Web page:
The Cromford canal takes a course of fourteen miles and three quarters in the counties of Derby and Nottingham. Its northern parts are considerably elevated, and it penetrates the east Derwent ridge by a tunnel. Its object of transit downwards are coals, limestone, mill-stone and grindstones, freestone, marble, chert, lead, iron, &c. while in its upward transit, it carries malt, timber as well as coals from the lower pits. It commences in the Erewash canal at Langley bridge and terminates at the town of Cromford. From Codnor lower park and other places, there are cuts from three furlongs to twenty furlongs in length; and the connecting rail-ways ire numerous. In the village of Fritchley, the Crich rail-way passes over a stone bridge and again over a private road on a wooden bridge, and enters the limestone quarry by a tunnel, one hundred yards in length. At Bullbridge this rail-way is continued to machines on a high bank, where the contents of the trams are shot down an inclined plane into iron boats.— The width of this canal is twenty-six feet at top, and the regular canal boats are eighty feet long, seven feet and a quarter wide, and three feet and a half deep. From the Erewash canal to the Pinxton branch, the extent is three miles and a half, with a rise of eighty feet; thence to Pentrich-lane, four miles level; thence to the south end of Bull-bridge aqueduct, one mile level; thence to Lea-wood cut, at the east end of the Derwent aqueduct, four miles and a half level, and thence to Cromford wharf, one mile and three quarters, also level.—The tunnel at Butterley is driven through coal-measures, two thousand nine hundred and seventy-eight yards in length and about fifty-seven yards below the ridge: it is lined with brick, except where the perforated rock appeared capable of its own support. The crown of the arch is eight feet above the water's edge, the water being at its surface nine feet wide. The expense of the tunnel was £7. per yard.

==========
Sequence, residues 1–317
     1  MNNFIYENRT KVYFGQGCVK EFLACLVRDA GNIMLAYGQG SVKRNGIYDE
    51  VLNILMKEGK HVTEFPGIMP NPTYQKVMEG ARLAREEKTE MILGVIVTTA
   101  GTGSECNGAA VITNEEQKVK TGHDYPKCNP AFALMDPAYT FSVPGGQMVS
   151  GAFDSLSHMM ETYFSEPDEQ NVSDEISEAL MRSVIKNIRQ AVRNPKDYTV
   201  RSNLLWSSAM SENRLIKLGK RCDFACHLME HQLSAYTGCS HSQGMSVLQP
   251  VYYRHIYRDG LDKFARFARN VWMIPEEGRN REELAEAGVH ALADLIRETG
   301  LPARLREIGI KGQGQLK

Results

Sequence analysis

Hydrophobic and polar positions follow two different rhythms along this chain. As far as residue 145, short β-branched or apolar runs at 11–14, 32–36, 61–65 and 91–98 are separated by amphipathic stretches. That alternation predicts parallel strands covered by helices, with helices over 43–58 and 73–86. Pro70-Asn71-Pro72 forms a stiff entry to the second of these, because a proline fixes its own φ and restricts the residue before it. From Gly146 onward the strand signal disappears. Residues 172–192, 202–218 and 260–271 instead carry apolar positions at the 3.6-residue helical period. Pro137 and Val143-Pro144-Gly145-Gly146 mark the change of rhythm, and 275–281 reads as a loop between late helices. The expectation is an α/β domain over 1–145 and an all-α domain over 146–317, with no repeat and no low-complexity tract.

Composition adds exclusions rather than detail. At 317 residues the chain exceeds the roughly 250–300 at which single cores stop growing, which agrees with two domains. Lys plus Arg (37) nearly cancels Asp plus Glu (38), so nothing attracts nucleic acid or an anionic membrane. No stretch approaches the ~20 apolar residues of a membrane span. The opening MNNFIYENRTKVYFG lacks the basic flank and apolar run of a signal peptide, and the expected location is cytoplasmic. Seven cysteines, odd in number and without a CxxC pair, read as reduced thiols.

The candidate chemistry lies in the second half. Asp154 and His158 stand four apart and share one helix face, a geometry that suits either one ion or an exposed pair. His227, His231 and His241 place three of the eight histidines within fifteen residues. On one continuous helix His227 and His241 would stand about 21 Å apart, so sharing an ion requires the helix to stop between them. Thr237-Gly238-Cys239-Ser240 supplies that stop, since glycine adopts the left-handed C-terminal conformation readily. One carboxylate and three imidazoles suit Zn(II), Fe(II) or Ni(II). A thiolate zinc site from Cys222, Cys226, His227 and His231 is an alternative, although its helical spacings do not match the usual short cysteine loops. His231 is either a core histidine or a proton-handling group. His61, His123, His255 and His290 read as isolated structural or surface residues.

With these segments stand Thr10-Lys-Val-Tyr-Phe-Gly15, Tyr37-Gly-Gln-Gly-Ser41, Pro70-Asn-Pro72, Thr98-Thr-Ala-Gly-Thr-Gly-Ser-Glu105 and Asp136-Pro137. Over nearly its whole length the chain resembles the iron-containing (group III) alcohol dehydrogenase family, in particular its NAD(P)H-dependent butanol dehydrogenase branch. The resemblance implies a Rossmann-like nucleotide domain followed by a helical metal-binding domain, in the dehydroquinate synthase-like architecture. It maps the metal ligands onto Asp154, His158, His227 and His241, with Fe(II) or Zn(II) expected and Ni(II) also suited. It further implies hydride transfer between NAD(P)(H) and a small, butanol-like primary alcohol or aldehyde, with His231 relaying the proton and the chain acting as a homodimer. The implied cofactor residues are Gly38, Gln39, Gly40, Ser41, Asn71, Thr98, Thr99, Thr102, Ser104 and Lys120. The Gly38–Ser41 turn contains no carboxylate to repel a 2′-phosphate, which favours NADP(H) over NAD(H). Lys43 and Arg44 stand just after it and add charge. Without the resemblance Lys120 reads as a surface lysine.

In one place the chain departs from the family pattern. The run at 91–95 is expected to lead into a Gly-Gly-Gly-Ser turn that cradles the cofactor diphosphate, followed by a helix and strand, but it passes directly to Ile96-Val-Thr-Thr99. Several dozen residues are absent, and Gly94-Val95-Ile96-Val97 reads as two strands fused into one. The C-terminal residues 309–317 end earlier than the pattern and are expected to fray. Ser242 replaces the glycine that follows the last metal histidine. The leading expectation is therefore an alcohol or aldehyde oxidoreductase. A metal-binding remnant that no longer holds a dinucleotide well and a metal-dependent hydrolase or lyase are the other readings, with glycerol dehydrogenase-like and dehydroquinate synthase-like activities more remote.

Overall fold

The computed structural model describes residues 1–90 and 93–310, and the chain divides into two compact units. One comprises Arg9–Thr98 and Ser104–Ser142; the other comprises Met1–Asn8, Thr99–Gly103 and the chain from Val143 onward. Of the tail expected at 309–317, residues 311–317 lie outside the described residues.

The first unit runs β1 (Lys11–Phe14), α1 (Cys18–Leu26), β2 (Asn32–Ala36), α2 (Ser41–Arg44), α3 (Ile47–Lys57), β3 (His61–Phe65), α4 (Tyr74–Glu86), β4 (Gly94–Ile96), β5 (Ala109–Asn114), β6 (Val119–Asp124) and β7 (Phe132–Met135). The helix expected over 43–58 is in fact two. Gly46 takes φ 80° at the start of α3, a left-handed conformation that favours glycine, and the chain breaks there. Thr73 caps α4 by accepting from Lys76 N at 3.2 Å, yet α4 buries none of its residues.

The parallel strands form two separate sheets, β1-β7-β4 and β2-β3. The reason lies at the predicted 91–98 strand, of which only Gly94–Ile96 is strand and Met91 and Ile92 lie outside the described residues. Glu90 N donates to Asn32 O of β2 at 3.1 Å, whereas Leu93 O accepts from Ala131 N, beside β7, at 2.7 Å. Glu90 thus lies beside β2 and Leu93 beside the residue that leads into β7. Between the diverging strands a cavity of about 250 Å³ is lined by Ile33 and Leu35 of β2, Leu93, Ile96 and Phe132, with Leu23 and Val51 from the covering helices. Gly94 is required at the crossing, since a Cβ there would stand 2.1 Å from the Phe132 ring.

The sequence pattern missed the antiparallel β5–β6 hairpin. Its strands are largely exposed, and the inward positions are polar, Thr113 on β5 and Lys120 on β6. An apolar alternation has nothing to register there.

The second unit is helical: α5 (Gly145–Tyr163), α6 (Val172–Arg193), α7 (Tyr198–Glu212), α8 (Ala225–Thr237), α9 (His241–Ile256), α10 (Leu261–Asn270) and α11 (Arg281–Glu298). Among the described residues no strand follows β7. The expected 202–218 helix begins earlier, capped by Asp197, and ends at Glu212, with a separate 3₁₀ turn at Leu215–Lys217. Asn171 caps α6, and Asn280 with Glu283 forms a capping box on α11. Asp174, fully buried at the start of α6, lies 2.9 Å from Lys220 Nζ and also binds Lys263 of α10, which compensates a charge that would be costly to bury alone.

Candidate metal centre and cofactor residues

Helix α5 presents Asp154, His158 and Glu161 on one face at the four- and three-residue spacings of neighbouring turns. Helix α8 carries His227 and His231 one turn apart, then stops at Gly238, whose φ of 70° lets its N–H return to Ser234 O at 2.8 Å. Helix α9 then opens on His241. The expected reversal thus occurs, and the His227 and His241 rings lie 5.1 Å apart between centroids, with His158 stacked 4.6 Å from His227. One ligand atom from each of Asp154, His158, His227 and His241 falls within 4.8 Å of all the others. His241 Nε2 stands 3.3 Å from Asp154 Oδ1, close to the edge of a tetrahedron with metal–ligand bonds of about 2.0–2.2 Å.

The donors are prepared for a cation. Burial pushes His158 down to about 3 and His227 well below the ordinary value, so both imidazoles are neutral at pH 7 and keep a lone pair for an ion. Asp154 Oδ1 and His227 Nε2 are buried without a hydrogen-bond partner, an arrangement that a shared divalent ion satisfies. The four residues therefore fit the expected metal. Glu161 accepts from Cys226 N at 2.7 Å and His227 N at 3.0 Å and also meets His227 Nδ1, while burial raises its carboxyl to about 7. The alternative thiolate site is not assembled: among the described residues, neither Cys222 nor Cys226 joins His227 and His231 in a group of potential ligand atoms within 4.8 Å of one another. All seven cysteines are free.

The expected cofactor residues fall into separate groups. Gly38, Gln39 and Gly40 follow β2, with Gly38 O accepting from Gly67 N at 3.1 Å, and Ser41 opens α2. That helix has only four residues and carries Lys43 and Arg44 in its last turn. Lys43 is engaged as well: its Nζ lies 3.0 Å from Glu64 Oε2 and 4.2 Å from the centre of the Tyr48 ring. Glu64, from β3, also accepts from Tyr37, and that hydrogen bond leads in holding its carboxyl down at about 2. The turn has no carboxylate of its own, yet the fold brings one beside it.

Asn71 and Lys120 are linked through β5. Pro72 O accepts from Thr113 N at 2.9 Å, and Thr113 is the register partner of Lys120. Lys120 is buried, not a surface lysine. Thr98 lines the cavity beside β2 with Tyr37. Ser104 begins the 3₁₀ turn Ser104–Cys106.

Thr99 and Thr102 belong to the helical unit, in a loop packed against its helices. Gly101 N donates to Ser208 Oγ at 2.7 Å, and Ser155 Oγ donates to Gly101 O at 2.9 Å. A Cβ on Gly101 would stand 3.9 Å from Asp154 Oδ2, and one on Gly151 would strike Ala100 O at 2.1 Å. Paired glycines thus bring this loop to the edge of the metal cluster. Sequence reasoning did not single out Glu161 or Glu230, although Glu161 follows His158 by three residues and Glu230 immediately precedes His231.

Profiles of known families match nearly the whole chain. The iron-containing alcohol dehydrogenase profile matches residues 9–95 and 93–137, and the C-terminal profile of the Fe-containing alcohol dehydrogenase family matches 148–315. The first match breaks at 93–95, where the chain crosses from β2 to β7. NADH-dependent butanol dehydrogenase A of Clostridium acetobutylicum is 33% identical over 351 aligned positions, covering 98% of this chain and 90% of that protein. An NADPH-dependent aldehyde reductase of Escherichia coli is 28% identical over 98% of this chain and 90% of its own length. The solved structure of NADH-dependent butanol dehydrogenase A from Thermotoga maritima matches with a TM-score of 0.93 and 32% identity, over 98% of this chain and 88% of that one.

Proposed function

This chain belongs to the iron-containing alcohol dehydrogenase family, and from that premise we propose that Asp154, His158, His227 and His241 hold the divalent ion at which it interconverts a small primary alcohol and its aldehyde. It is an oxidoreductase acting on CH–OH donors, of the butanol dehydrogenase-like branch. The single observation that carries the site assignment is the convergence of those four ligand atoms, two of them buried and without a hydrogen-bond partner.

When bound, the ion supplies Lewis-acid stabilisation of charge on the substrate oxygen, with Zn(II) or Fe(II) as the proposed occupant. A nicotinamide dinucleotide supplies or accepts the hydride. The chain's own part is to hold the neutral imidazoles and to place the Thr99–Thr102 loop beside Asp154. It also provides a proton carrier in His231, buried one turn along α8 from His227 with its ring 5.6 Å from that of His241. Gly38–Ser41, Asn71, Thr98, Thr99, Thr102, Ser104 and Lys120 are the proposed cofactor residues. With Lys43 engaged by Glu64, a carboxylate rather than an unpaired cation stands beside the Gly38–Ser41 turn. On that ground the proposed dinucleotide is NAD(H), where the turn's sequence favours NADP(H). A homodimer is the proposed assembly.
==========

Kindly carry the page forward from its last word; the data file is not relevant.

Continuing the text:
Near Bull-bridge, there is a short tunnel through the limestone. At Wigwell, this canal is carried over the Derwent in a large aqueduct bridge, two hundred yards long and thirty feet high: the river-arch is eighty feet span, and there is a smaller arch on each side for private roads. This aqueduct was built in 1792.—Over the Amber river at Bull-bridge there is an aqueduct of equal length, and fifty feet in height. These two aqueducts cost upwards of £6,000.—This canal is supplied with a very considerable stream of warm water from Cromford sough, and it is probably in consequence of such supply that this canal, west of Butterley tunnel, very rarely, if ever freezes. The Company is authorised to require mine-owners, within a thousand yards of their line and branches, to lift their water high enough to run by proper feeders into this canal; the Company paying any extra expense. Coal-masters are restrained, by the Act, from working under the canal, until they shall have given notice to the Company, to purchase the coals under the same at a valuation: but it being found that little damage is done to the canal-works by such working of the coal-seams, the Company has for several years past, left the coal-owners to their own determination.—The Act for this canal was obtained in the 29th year of George III. The engineers employed were Mr. William Jessop and Mr. Benjamin Outram, besides Mr. Dadford, Mr. Sheasby and Mr. E. Fletcher. The canal was opened in 1793. The tonnage allowed to be taken in this canal, is not to exceed 1d. per ton per mile, for coals, coke and limestone, and 1½ d per ton per mile for all other goods that have not passed from the Erewash canal; 2d per ton per mile for all goods that have so passed; 3d per ton extra on all goods (except coals, coke and limestone) passing from or to this canal and the Erewash canal; 1s. per ton extra, on coals navigated between the Amber aqueduct and Cromford, or within two miles east of that aqueduct, and passing towards it. The tonnage upon this canal was in the year 1828, as follows, viz.: 230,000 tons of coal or coke; 24,000 tons of lime and limestone; 12,000 tons of gritstone; 24,000 tons of timber, slate, &c.; 17,000 tons of iron, ironstone and lead; 18,000 tons of corn, groceries, &c. making in the whole 325,000 tons; and the dividend to the share-owners was .£19. upon the original £100. shares. These shares are now worth about .£400. each.—In 1810 the dividend per share was £10.—The canal has been completed about thirty-four years. By Act of Parliament, the Company was authorised to raise £46,000. in £100. shares; and to borrow £20,000. on interest or mortgage of their tolls. The total cost of making the canal was little less than £80,000. which obliged the Company to call upon the original share-owners for a surplus of £20.
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